The JBL Live Free NC+ TWS True Wireless and the JBL Tune Flex True Wireless are similar, but the Live are a little better for most uses. They have a more stable fit, which is useful for workouts, leak less audio, and have better noise isolation. They have an in-app parametric EQ, which gives you more control over the sound than the Tune's graphic EQ. However, you can use the Tune Flex without silicone tips, so you might prefer them if you don't like the fit of in-ears.
The JBL Tune Flex have a similar design to the JBL TUNE 230NC True Wireless with short stems. The JBL logo is engraved on each stem. The buds come in a few different colors: 'Black', 'Blue', and 'White'. There are also a few 'Ghost Edition' colors: 'Purple', 'Black', and 'White'. The case and buds of 'Ghost' variants are made of transparent plastic.
The buds offer a comfortable fit for most people. They come with three differently-sized silicone 'Sealing' tips and can also be used without the tips for an 'Open' fit. With the 'Open' tips, they sit outside your ear canal. You may prefer that if you have small ears or are sensitive to pressure inside your ear, but it gives them a looser, less secure fit. Conversely, the 'Sealing' ear tips fit snuggly inside your ear canal without putting a lot of pressure on your ears. Unfortunately, the long stem coming down from the buds can be annoying since it can get in the way of earrings or earmuffs in the winter.
The JBL Tune Flex have easy to use touch controls. There are audio tones and voice prompts for functions like pairing, audio playback, and ANC mode changes. Registering a command only requires a light touch, and it's easy to accidentally pause your audio or change the ANC mode as you readjust the earbuds. On the plus side, the controls can be customized in the earbuds' companion app.
On the left earbud:
On the right earbud:
On either earbud:
They're very small and portable, which is expected for earbuds. You can easily fit them into pockets and bags, even inside their case.
They come with a good, very light case. The hinge helps it snap closed, and there are magnets inside to keep the earbuds in place. It has three LED lights to indicate the case's remaining battery life. The case feels reasonably sturdy but doesn't have a super solid or premium feel.
They're well-built earbuds. They don't feel particularly premium or high-end but have a solid plastic build. The silicone ear tips may deteriorate or rip after some time, but that isn't unusual. The earbuds are rated IPX4 for water resistance, which protects them from exposure to light rain or drips.
They have good stability. Whether you're using the silicone 'Sealing' tips or the 'Open' tips, they don't fall out even if you make big, fast head movements. However, without the silicone tips, they move around more in your ears, so if you're using them during a workout, you'll have to readjust more often.
The JBL Tune Flex have a neutral sound profile using the silicone 'Sealing' tips and accompanying setting in the app. They deliver some extra rumble and punch in the bass range, while instruments and vocals are clear and detailed. If you use the 'Open' fit and change the ear tip sound setting in the app accordingly, they deliver more bass, but sibilants like S and T sounds are a little duller. Here's a comparison of the frequency response with the 'Open' tips and the silicone 'Sealing' tips.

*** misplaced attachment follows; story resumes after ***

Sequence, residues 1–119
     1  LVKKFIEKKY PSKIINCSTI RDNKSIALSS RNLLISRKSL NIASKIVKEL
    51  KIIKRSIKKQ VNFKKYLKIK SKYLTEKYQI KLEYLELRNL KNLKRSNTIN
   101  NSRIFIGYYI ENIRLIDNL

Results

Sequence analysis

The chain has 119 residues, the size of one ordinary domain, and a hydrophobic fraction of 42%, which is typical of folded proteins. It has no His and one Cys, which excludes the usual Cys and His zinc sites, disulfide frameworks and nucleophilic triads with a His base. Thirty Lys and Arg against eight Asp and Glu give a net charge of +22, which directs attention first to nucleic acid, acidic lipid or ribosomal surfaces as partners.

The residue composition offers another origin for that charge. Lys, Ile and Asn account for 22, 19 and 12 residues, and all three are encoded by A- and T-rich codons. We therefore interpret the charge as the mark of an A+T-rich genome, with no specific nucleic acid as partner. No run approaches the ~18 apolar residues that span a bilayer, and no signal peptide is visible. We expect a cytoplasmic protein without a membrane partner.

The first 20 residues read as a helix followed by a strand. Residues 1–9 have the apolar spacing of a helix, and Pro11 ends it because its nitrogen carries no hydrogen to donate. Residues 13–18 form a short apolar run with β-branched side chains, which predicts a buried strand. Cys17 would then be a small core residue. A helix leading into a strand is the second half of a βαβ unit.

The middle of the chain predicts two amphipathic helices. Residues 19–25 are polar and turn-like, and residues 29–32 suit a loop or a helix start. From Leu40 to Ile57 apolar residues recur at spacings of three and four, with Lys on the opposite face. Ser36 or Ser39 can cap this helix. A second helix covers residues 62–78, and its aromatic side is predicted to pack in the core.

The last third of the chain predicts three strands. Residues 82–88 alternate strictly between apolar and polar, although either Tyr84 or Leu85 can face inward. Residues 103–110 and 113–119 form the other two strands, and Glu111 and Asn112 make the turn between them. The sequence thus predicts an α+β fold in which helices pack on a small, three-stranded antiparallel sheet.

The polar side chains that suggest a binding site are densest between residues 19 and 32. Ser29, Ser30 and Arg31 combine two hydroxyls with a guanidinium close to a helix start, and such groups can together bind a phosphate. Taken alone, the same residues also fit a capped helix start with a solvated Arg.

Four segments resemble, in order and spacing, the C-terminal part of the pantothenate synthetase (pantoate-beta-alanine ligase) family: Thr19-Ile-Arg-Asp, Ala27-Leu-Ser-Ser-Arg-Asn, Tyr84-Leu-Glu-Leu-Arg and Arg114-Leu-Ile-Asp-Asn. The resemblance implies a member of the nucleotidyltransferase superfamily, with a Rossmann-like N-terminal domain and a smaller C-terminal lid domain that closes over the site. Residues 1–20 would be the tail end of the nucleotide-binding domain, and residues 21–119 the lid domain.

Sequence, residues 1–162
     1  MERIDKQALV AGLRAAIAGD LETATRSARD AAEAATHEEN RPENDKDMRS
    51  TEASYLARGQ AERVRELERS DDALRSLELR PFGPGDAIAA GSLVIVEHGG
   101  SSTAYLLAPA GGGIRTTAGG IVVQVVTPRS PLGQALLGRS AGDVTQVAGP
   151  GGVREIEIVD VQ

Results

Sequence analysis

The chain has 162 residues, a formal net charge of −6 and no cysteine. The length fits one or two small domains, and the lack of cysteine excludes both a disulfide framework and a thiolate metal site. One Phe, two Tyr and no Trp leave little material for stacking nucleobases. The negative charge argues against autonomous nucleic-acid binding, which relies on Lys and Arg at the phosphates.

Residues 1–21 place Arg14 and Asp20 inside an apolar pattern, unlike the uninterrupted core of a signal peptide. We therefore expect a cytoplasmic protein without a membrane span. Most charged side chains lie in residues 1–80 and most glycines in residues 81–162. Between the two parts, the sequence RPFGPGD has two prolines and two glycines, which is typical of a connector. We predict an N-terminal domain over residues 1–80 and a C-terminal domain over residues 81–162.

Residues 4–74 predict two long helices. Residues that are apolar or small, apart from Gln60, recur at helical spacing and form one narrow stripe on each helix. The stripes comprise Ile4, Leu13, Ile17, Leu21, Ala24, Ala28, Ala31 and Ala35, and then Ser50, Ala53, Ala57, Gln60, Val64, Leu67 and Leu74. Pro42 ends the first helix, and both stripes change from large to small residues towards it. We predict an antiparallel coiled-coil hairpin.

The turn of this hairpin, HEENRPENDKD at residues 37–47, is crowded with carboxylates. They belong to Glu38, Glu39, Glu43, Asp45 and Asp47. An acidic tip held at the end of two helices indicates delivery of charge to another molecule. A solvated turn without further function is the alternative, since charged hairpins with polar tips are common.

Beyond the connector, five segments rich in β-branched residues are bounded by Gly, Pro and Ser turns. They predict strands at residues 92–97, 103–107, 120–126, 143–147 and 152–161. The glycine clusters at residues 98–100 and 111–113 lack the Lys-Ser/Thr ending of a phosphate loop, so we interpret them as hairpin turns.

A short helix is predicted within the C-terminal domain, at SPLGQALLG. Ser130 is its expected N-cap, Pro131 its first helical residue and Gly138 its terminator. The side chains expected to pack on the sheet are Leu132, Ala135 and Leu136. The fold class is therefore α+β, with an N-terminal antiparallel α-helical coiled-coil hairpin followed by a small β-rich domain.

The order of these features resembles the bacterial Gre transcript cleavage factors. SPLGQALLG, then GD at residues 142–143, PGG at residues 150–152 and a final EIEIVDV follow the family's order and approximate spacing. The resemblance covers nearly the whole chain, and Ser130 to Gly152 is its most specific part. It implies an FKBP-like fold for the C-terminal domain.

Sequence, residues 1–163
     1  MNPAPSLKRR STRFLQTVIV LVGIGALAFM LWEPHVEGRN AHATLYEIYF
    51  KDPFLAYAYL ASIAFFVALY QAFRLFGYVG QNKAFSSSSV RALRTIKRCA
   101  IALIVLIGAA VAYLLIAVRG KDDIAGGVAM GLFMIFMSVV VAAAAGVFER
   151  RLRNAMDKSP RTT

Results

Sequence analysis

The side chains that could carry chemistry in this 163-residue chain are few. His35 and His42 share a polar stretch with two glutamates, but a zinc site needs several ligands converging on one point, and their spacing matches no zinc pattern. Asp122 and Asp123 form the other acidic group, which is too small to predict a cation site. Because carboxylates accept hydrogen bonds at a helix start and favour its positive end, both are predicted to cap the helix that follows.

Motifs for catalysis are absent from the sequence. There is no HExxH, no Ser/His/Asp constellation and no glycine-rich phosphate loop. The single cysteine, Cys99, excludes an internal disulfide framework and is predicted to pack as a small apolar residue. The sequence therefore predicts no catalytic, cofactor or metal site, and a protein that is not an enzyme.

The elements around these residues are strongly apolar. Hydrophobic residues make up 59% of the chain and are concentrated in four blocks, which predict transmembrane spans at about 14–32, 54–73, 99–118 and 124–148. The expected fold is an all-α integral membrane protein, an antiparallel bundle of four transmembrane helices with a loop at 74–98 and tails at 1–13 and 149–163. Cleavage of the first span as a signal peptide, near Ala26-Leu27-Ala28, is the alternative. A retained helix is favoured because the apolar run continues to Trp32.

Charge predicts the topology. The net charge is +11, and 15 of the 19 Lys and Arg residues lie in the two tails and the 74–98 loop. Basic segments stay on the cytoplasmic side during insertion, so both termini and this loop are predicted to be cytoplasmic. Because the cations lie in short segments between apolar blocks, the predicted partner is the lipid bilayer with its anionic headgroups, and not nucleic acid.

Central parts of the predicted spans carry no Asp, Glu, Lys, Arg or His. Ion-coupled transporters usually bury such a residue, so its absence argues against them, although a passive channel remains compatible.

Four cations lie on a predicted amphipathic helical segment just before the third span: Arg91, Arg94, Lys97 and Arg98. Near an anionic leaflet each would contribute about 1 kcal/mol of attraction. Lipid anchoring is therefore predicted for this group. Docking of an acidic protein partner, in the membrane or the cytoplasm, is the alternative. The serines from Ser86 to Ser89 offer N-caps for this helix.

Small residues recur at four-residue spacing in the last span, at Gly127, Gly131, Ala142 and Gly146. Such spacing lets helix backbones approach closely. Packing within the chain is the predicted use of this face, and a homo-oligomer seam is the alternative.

Whether you're using the silicone tips or not, you can also customize the sound profile with a graphic EQ and presets in the companion app.
They have excellent frequency response consistency with the silicone 'Sealing' ear tips. There are some deviations in the sound depending on fit, seal, and positioning in the bass and treble ranges. However, they aren't major, and if you adjust the buds with each use, you can get a consistent sound.
The JBL Tune Flex have excellent bass accuracy. The entire range is somewhat overemphasized, so your audio has extra rumble and punch. The high-bass is more neutral, so audio sounds warm without being boomy.
They have excellent mid accuracy. The low and mid-mid are very neutral, so instruments and vocals are clear and present in the mix. However, there's some overemphasis in the high-mids, so in songs like Adele's 'Someone Like You', voices sound clear and intense but also somewhat harsh.
They have excellent treble accuracy. The low and mid treble are very neutral, so instruments and vocals are detailed, and sibilant sounds like cymbals are bright.
They control their sound profile very well. There are some peaks and dips across the range, but most are pretty minor. A dip in mid-mid in the left driver nudges instruments and vocals toward the back of the mix, while a peak in the high-mid in the right driver adds harshness. There's also a dip in the left driver's low-treble, which hurts the detail of vocals and instruments, and the peak present in both drivers makes sibilants slightly more piercing.